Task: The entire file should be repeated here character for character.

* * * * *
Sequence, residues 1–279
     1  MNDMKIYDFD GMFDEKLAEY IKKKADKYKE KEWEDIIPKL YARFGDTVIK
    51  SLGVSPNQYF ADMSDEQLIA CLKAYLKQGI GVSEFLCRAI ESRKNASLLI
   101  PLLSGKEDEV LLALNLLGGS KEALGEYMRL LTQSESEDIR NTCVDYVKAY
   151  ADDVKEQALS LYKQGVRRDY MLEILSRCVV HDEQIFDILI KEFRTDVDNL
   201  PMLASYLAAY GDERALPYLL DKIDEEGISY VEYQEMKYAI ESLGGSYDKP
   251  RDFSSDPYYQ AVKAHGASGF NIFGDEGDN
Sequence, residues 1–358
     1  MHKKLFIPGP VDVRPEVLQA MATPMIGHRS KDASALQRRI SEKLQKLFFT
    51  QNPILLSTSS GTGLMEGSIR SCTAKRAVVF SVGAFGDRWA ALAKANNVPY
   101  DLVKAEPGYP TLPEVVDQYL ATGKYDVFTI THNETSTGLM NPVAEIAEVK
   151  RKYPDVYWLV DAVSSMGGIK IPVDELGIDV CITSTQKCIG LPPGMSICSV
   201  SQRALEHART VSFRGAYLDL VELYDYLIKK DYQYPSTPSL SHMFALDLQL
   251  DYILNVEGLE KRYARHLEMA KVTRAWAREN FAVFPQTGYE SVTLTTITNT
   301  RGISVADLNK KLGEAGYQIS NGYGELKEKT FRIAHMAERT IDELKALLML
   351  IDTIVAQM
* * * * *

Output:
Sequence, residues 1–279
     1  MNDMKIYDFD GMFDEKLAEY IKKKADKYKE KEWEDIIPKL YARFGDTVIK
    51  SLGVSPNQYF ADMSDEQLIA CLKAYLKQGI GVSEFLCRAI ESRKNASLLI
   101  PLLSGKEDEV LLALNLLGGS KEALGEYMRL LTQSESEDIR NTCVDYVKAY
   151  ADDVKEQALS LYKQGVRRDY MLEILSRCVV HDEQIFDILI KEFRTDVDNL
   201  PMLASYLAAY GDERALPYLL DKIDEEGISY VEYQEMKYAI ESLGGSYDKP
   251  RDFSSDPYYQ AVKAHGASGF NIFGDEGDN
Sequence, residues 1–358
     1  MHKKLFIPGP VDVRPEVLQA MATPMIGHRS KDASALQRRI SEKLQKLFFT
    51  QNPILLSTSS GTGLMEGSIR SCTAKRAVVF SVGAFGDRWA ALAKANNVPY
   101  DLVKAEPGYP TLPEVVDQYL ATGKYDVFTI THNETSTGLM NPVAEIAEVK
   151  RKYPDVYWLV DAVSSMGGIK IPVDELGIDV CITSTQKCIG LPPGMSICSV
   201  SQRALEHART VSFRGAYLDL VELYDYLIKK DYQYPSTPSL SHMFALDLQL
   251  DYILNVEGLE KRYARHLEMA KVTRAWAREN FAVFPQTGYE SVTLTTITNT
   301  RGISVADLNK KLGEAGYQIS NGYGELKEKT FRIAHMAERT IDELKALLML
   351  IDTIVAQM